Note: more programming is being announced every day, and everything here is subject to change.

Keynote: Michael Wesch

Dubbed “the explainer” by Wired magazine, Michael Wesch is a cultural anthropologist exploring the effects of new media on society and culture. After two years studying the implications of writing on a remote indigenous culture in the rain forest of Papua New Guinea, he has turned his attention to the effects of social media and digital technology on global society.

Dr. Wesch is not only a fascinating speaker, with deep insights into the budding online video culture—he’s also a talented videographer. His videos on culture, technology, education, and information have been viewed by millions, translated in over 15 languages, and are frequently featured at international film festivals and major academic conferences. If you haven’t already seen The Machine is Us/ing Us, we strongly recommend you spend the next few minutes watching and be amazed. Or visit his YouTube channel to watch his illuminating talks (especially An Anthropological Introduction to YouTube, presented at the Library of Congress in 2008).

Panel: Speaking with Video

Details TBA.

Panel: Cameras Everywhere: Opportunities and Challenges in Human Rights Video

Once upon a time, video cameras were rare. Now they are ubiquitous—as are the opportunities to share, use, and re-use video. What are the limits and possibilities of an ethics of openness when it comes to human rights footage?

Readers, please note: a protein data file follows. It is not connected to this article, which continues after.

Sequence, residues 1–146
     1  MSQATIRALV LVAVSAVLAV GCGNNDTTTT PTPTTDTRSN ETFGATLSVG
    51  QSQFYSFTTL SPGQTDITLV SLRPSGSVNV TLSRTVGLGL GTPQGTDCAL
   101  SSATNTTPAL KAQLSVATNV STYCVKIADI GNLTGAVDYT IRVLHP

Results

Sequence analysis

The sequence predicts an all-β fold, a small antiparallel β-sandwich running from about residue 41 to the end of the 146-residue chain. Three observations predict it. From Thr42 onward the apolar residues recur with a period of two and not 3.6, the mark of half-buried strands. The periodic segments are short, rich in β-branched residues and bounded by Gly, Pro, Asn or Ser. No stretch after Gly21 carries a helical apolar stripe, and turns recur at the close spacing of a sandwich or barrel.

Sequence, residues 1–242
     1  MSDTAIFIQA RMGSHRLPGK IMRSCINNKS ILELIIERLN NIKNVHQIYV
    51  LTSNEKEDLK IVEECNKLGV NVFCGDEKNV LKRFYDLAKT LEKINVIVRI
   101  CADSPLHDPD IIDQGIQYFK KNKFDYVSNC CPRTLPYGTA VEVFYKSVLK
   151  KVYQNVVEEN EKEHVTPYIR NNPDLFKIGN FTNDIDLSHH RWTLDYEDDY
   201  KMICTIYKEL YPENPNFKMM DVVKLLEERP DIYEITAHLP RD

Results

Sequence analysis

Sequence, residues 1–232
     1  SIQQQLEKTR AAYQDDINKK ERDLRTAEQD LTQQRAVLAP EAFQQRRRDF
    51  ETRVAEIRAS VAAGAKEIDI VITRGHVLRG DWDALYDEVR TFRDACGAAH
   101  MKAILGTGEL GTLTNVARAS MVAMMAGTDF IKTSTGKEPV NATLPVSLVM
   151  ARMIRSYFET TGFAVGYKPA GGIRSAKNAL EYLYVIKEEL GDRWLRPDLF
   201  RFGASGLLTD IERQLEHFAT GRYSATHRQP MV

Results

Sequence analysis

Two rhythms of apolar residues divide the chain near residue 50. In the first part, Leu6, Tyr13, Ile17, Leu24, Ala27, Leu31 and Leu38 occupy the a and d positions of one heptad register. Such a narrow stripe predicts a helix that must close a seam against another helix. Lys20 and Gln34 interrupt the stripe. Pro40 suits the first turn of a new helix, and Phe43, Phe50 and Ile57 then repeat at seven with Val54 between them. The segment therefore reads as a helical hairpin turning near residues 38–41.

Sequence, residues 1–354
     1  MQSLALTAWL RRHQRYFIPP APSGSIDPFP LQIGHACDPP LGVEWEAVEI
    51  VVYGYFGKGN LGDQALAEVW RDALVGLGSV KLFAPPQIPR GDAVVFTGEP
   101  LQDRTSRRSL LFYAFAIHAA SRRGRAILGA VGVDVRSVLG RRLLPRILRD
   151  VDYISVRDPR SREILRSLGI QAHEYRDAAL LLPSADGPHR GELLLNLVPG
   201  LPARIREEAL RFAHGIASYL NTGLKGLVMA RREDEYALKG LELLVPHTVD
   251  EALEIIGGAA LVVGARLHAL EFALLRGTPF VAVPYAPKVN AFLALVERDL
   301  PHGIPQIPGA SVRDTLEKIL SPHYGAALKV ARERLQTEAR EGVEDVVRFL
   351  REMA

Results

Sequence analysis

Videos (particularly mobile and online video) make it possible to document and publicize human rights struggles – from monks marching for freedom in Rangoon and Lhasa, and the election protestors in Tehran, to individual voices speaking out against injustice on YouTube and other online spaces. But despite the growing circulation of images of human rights violations, of victims and survivors, there is limited discussion of crucial safety, consent and ethical concerns – particularly for people who are filmed.

Issues around consent, representation and re-victimization and retaliation have emerged even more clearly in an open and networked online environment, as have concerns about intentionality and authenticity. Video is being reworked, remixed and recirculated by many more people. New possibilities for action by a global citizenry have arisen, but these carry with them substantial challenges, opportunities and dangers.

Sam Gregory — WITNESS
Gabriella Coleman — NYU
Nathan Freitas — The Guardian Project
Steve Grove - News and Politics, YouTube

Panel: Public Spaces, Private Infrastructure

This session explores some of the problems facing users and operators of private and proprietary online video platforms. Sites like YouTube certainly seem like public utilities--they are indespinsable global public forums, host to world-changing media affairs and previously impossible mass dialogues. But of course, they're not public--they're businesses with a range of fiduciary and legal obligations. What tensions arise from this state of affairs? How can we balance concerns about free speech with the commercial and political imperatives on those who run video platforms? And is a truly public media possible?
Ethan Zuckerman -- Co-founder, Global Voices, Senior Fellow at Harvard Berkman Center
Lawrence Liang -- Lawyer, public intellectual, Alternative Law Forum Bangalore

Seminar: Open Video Archives*

Details TBA.

Seminar: The Aesthetics of Antisocial Internet Video (NSFW)